Sexy 80s Party: Faux Rock Band

The following article is for entertainment purposes only. It is not intended as scholarly research or as a final authority on the subject. 

It’s Wild-Card Wednesday, the day that anything can happen.  With all that is going on, we need to have a Sexy 80s Party.   This will be our last one before my Sexy 80s Party: Halloween Edition.

Welcome to Sexy 80s Party: Faux Rock Band edition.  So what do I mean by Faux Rock Band edition?  There was a whole genre of 80s movies based on fake rock bands.  I’m going to share my favorite three.

Put on your LA Gear sneakers and spray your ‘do with Aqua Net.  It’s time to party.

Eddie and the Cruisers (1983)

Eddie and the Cruisers stars a young, gorgeous Michael Paré as Eddie Wilson. Eddie was the tortured, perfectionist leader of the fictional 1960s rock-n-roll band, Eddie and the Cruisers. One night in 1963, Eddie drove his car off a bridge. Though his body was never recovered, Eddie was believed dead.

Twenty years later, a reporter–Ellen Barkin–interviews band members about the mystery behind Eddie Wilson and his tragic death. Band members had a love-hate relationship with Eddie. All seem aware that they could have gone to the “bigs” with Eddie Wilson. Without him, their lives faded back to normal.

Watch the trailer:

The only two real musicians in the film were Helen Schneider (Eddie’s girlfriend) and Michael Antunes (the Cruiser’s sax player). However, Michael Paré is believable as Eddie Wilson. Even his speaking voice sounds right.

The soundtrack was performed by John Cafferty and the Beaver Brown Band. I still listen to this music almost thirty years later. It’s a great sound. Here’s my favorite song from the movie: Season in Hell: Fire Suite.

Michael Paré in Eddie and the Cruisers II: Eddie Lives

A sequel–Eddie and the Cruisers II: Eddie Lives–was made in 1989. Click here to watch the trailer. The music was again fantastic, but the sequel didn’t have quite the charm of the original.

Fun Factoid: The original Eddie and the Cruisers was based on a novel by P. F. Kluge. It is out of print, but used copies are available at Amazon.com. Click here for a look-see. For differences between the novel and the film click here.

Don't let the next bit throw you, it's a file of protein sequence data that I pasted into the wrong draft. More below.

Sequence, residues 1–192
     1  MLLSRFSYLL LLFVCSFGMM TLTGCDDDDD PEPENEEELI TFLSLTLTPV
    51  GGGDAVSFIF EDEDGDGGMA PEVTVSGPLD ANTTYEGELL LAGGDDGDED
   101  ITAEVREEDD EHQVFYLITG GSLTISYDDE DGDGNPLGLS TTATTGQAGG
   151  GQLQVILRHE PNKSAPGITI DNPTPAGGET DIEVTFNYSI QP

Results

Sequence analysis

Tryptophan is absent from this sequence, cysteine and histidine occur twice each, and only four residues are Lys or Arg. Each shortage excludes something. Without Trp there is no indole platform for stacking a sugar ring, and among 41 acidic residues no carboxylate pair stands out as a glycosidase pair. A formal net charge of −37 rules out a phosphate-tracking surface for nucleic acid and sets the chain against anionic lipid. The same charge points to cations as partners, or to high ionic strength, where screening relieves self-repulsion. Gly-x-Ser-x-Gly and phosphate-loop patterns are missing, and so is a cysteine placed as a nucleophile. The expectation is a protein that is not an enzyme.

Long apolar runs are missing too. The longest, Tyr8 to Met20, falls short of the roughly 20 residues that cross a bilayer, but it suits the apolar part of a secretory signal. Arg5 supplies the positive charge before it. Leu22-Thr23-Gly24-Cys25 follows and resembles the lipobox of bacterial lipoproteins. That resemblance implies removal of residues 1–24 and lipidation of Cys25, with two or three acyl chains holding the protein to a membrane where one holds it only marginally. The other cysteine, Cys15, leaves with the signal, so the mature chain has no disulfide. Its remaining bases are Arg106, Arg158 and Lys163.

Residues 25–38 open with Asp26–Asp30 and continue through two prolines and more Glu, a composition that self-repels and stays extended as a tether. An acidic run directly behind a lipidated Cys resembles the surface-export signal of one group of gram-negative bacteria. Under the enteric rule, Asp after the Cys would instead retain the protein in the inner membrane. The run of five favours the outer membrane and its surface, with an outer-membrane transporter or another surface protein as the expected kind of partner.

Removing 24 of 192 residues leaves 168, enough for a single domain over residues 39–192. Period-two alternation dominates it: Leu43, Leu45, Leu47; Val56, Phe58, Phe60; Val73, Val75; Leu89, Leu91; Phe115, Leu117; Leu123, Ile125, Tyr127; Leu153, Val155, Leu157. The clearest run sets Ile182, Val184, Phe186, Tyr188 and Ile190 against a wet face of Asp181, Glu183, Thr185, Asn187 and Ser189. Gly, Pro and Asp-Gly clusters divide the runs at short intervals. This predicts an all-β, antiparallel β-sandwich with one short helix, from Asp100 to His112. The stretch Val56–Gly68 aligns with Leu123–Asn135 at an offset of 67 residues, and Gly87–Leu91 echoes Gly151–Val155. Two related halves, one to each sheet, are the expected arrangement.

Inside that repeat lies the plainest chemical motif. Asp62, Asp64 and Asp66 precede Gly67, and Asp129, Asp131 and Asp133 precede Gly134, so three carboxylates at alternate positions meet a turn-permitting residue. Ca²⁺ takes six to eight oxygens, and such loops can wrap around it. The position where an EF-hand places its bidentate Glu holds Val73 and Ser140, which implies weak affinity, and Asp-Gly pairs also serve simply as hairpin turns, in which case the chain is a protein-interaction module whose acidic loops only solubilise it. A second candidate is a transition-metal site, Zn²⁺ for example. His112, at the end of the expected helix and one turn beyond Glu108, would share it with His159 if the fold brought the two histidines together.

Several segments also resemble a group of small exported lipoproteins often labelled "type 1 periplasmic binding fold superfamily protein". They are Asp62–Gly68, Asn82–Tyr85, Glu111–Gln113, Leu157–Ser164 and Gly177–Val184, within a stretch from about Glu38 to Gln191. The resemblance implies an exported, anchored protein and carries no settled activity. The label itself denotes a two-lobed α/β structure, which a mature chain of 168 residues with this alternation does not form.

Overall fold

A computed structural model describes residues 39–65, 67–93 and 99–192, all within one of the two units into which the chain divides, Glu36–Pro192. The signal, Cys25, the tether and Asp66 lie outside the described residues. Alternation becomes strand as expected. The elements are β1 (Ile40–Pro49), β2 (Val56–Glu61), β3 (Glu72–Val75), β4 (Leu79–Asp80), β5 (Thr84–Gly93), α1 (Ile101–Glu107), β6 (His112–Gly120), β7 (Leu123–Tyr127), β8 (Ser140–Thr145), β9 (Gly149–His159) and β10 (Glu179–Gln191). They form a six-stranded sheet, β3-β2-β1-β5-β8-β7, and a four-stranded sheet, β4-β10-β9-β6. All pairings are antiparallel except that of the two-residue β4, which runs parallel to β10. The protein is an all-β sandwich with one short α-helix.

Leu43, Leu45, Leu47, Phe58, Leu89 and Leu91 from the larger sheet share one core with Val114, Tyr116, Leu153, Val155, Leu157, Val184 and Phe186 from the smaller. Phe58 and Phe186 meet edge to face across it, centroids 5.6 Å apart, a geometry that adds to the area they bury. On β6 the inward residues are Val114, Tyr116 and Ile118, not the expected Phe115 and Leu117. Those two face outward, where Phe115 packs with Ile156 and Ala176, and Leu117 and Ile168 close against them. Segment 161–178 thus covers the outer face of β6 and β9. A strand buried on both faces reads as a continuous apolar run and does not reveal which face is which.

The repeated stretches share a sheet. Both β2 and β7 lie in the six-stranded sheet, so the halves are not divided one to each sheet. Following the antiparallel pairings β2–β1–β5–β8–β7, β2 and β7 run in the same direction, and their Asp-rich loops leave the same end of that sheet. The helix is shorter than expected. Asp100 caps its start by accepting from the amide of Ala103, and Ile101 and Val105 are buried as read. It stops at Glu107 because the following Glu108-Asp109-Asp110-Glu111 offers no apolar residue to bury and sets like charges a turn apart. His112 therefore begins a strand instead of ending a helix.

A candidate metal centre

Streets of Fire (1984)

So Michael Paré was in this one, too.  Maybe I thought he was sort of hot?  Diane Lane, Rick Moranis, Amy Madigan, and Willem Dafoe also had big roles in this film.

The short story is that Ellen Aim (Lane), a fictional rock star, is kidnapped by her biggest fan (Dafoe).  Ellen’s current boyfriend (Moranis) hires her thuggy ex-boyfriend (Paré) to go get her. It all takes place in an excellently lawless urban landscape.

Watch the trailer:

Ellen Aim’s band, The Attackers, were members of the new wave band Face-to-Face. The voices of Laurie Sargent–of Face-to-Face–and Holly Sherwood were combined to create Ellen Aim’s voice. The soundtrack featured artists like The Blasters, Ry Cooder, and Maria McKee. To listen to my favorite song from the movie click here.

Fun Factoid: The director of Streets of Fire planned a trilogy of action movies starring Michael Paré in his role as Tom Cody. However, Streets of Fire was so unsuccessful at the box office, the idea fizzled. Streets of Fire became a b-movie and so did Michael Paré’s career.

Light of Day (1987)

Light of Day starred Michael J. Fox and Joan Jett.  Gena Rowlands–who is a fabulous actress–also had a big role.  Michael McKean had a small role in the film.  Trent Reznor also had a cameo.

This film almost didn’t make my list because Joan Jett is a real rock star.  However, the band from the film–The Barbusters–is a faux rock band.

Watch the trailer:

The Barbusters are a Cleveland, Ohio based bar band, featuring brother and sister Joe and Patti Rasnick.  Patti (Jett) is a single mother who is at odds with her extremly religious parents.

Joe (Fox) lives with Patti but is on good terms with the parents.  He also seems to support Patti and her son financially.  As Patti’s life spins out of control, Joe tries to provide a stable environment for his nephew.  A family crisis forces Patti to reevaluate the choices she’s made in her life.

Fun factoid:  Bruce Springsteen wrote the title song “Light of Day.” Click here to hear the song as it appeared in the movie.  In the 1990s, Springsteen began the habit of closing his concerts to “Light of Day.”  Click to hear The Boss rock it.